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When John Lewis met Malcolm X in Kenya,  

By A. Peter Bailey 7/23/2020, 6 p.m.

In his book, “Malcolm X: The FBI File,” Dr. Clayborne Carson wrote about a first-time meeting between Brother Malcolm X and a young John Lewis while both were traveling in Africa in October 1964.

The goal of Mr. Lewis and his fellow civil rights warrior Donald Harris was to make African students more aware of what the Student Non-Violent Coordinating Committee, or SNCC, was doing in the ongoing war against white supremacy in the United States.

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NEW BOOKS          كتب جديدة


Conspicuous Consumption in Africa 

[الاستهلاك غير المخفي في أفريقيا] 

Author: (Editors): Deborah Posel, Ilana van Wyk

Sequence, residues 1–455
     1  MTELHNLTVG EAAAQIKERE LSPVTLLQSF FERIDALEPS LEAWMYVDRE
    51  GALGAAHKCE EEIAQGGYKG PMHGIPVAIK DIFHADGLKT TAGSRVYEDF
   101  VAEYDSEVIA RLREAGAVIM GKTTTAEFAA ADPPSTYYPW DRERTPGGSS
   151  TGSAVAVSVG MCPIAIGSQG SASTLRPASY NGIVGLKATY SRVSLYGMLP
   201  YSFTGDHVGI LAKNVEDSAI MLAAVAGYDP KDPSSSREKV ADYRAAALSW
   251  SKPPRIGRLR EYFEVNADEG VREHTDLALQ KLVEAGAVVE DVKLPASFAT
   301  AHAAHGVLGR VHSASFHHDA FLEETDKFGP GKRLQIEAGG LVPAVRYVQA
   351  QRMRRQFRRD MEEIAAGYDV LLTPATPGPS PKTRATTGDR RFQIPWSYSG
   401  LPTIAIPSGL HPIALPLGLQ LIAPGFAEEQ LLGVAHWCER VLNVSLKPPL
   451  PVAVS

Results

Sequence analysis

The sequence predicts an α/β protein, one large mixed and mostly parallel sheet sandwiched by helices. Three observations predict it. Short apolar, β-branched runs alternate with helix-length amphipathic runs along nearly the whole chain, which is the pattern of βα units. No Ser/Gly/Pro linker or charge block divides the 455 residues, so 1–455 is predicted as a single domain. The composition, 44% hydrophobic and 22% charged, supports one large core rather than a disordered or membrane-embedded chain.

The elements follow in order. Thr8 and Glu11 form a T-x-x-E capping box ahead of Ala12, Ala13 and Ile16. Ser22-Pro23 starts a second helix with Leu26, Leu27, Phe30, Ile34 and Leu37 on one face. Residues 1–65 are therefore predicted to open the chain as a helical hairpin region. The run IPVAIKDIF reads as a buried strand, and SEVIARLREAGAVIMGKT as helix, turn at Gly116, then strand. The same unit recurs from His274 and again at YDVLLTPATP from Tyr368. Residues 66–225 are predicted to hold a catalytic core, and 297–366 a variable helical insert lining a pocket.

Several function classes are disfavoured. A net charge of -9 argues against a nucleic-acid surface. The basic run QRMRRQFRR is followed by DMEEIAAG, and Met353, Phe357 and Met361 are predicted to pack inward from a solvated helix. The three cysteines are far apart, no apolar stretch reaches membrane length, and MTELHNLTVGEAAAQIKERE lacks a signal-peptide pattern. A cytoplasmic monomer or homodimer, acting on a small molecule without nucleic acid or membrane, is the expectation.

From early department stores in Cape Town to gendered histories of sartorial success in urban Togo, contestations over expense accounts at an apartheid state enterprise, elite wealth and political corruption in Angola and Zambia, the role of popular religion in the political intransigence of Jacob Zuma, funerals of big men in Cameroon, youth cultures of consumption in Niger and South Africa, queer consumption in Cape Town, middle-class food consumption in Durban and the consumption of luxury handcrafted beads, this collection of essays explores the ways in which conspicuous consumption is foregrounded in various African contexts and historical moments. In 1899, Thorstein Veblen coined the phrase ‘conspicuous consumption’ to describe status-seeking in the obscenely unequal world of late-nineteenth century America. Many of the aspects he described in The Theory of the Leisure Class are still evident in our world today. While Veblen’s crude denunciation of material extravagance finds echoes in media exposés about the lifestyles of the rich worldwide, it is particularly recognisable in reporting on Africa. Here, images of conspicuous consumption have long circulated in local and global media as indictments of political corruption and signs of moral depravity.